Foster + Partners has won the competition to design a new extension to Marseille Airport that will allow the building to process up to 12 million passengers a year. The 2-phase design will add a new central pavilion to the existing building—which comprises the original 1960s structure designed by Fernand Pouillon, and a 1992 extension by Richard Rogers—and a new pier to provide access to the planes.
Phase one of the design, which forms the building's new "cœur" (heart), consists of a 22-meter-tall entrance pavilion which aims to simplify passenger flow through the building. Taking cues from the structure of the original 1960s building, the addition will feature large skylights and indoor planted areas to create a light, relaxing environment.
"Marseille airport has grown extensively and incrementally over the last 60 years," said Grant Brooker, Head of Studio at Foster + Partners. "Our goal is to design a generous pavilion that reconnects all parts of the existing buildings, simplifying the flow of people between them and creating a new welcoming gateway to the region. The new terminal features a panoramic terrace overlooking the airport and the landscape beyond, and is entirely top lit, capturing the bright Provençal sunlight and paying homage to the bold architectural spirit of Fernand Pouillon’s original building.”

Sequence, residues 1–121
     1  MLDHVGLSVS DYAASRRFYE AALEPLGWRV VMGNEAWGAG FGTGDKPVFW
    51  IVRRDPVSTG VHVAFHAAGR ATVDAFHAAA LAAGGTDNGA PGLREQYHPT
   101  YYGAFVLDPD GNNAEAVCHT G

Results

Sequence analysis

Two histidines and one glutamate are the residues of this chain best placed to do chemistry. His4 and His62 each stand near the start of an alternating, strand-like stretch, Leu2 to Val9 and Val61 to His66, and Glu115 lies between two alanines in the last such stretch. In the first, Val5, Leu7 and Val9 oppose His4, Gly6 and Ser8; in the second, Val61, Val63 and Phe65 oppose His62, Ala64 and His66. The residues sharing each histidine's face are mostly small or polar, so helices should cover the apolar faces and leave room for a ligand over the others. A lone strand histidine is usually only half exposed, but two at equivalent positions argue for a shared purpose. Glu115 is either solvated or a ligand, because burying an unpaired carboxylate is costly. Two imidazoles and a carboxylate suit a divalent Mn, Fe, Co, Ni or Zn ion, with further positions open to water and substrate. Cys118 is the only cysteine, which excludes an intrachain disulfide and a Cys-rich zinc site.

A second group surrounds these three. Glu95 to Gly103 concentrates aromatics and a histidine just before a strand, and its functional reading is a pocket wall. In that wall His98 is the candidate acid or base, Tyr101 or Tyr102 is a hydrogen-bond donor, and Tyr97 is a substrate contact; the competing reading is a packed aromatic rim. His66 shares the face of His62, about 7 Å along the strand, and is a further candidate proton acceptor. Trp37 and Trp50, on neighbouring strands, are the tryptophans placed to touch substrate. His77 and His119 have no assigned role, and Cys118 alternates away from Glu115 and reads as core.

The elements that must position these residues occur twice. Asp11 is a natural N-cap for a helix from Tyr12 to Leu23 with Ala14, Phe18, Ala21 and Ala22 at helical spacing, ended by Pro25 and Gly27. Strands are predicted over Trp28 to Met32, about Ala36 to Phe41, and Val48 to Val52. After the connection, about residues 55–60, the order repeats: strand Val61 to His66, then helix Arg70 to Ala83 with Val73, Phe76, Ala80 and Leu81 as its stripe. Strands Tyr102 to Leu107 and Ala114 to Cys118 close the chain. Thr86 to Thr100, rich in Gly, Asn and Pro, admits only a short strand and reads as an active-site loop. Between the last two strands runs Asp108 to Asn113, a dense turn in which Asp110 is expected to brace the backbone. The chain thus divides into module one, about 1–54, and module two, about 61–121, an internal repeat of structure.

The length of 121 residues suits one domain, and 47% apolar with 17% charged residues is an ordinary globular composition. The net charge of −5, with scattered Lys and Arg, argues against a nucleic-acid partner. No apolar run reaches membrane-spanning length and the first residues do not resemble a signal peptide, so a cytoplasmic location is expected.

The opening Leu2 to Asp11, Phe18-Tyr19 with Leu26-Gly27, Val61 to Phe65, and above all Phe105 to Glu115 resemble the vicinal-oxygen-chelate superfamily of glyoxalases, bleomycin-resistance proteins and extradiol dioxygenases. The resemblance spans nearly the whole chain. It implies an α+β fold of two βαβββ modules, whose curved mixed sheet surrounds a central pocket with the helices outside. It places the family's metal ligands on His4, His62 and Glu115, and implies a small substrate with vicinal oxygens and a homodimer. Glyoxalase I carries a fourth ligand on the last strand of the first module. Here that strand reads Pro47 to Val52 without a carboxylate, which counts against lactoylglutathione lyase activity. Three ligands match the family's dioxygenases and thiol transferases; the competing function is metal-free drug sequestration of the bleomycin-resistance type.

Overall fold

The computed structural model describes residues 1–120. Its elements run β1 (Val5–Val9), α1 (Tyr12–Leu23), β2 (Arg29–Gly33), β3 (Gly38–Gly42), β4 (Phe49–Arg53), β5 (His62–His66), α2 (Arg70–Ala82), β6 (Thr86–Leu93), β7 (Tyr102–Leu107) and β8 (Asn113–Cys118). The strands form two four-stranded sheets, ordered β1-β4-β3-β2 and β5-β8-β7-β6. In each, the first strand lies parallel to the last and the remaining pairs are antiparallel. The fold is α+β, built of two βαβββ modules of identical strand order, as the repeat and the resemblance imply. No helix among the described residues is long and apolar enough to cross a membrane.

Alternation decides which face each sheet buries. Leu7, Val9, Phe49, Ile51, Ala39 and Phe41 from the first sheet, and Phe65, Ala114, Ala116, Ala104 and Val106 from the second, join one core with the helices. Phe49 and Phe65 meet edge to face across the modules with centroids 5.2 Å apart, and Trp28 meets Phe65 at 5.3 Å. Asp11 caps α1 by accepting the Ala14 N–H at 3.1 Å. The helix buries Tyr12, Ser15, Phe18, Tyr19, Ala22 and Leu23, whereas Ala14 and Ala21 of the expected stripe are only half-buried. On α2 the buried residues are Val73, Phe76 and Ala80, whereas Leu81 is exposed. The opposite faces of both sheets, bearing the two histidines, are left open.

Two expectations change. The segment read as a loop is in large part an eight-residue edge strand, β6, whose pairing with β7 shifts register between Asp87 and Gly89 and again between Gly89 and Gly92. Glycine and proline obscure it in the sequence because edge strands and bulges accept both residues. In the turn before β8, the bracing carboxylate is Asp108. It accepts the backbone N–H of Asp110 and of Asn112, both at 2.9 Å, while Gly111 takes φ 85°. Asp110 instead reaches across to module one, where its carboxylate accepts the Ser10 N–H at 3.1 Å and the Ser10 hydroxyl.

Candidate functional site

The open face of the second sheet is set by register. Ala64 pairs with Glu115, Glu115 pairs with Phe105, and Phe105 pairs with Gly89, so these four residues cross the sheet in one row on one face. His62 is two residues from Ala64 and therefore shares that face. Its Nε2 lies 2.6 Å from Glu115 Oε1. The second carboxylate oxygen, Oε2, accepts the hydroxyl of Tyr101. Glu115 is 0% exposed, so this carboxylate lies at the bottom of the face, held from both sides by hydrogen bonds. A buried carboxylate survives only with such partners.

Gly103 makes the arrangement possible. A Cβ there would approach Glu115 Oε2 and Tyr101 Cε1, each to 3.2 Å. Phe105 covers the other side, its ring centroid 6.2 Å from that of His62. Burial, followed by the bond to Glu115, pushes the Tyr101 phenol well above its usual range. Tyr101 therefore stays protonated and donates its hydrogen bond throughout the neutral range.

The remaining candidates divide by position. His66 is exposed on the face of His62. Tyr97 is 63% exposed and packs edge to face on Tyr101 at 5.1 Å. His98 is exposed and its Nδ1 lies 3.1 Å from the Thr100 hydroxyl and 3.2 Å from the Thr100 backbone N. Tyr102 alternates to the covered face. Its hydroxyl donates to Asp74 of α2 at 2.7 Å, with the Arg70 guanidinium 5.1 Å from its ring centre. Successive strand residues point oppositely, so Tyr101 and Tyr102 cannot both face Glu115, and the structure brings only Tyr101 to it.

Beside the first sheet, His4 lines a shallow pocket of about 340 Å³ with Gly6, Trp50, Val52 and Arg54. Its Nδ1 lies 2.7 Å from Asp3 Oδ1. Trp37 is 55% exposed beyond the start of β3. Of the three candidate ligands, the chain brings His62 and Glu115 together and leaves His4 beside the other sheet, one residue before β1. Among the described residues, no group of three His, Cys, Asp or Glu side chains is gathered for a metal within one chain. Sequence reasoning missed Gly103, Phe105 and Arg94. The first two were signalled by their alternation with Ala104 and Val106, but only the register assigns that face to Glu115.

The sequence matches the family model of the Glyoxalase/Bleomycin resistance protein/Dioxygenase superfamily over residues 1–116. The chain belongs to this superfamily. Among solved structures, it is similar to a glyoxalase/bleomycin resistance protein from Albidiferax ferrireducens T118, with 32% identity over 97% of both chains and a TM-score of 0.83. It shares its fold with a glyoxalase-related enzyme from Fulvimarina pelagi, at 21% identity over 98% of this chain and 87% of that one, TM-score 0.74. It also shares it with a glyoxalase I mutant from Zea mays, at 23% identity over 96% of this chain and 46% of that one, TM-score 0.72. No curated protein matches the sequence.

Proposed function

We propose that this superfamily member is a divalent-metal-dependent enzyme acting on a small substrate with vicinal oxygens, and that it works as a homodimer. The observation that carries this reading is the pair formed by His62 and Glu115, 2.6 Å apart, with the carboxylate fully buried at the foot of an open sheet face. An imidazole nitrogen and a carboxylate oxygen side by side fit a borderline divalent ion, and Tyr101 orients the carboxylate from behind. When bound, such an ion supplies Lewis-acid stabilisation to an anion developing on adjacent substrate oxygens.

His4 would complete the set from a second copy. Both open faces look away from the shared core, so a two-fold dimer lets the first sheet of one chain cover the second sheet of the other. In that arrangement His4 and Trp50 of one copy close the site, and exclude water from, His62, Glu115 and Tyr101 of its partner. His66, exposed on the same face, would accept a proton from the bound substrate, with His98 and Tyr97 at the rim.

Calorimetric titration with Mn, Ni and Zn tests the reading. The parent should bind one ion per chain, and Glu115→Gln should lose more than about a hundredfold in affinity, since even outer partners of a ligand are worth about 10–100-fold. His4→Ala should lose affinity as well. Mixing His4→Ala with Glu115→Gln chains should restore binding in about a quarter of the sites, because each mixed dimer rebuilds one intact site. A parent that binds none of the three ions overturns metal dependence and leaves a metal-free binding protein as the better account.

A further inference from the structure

"The interfaces between the old and new buildings are clearly articulated, using a distinctive portal frame throughout the building," added Foster + Partners in their press release. "The interior spaces flow seamlessly from one building to the other, with a flexible layout that can be adapted for the existing buildings."
News via Foster + Partners.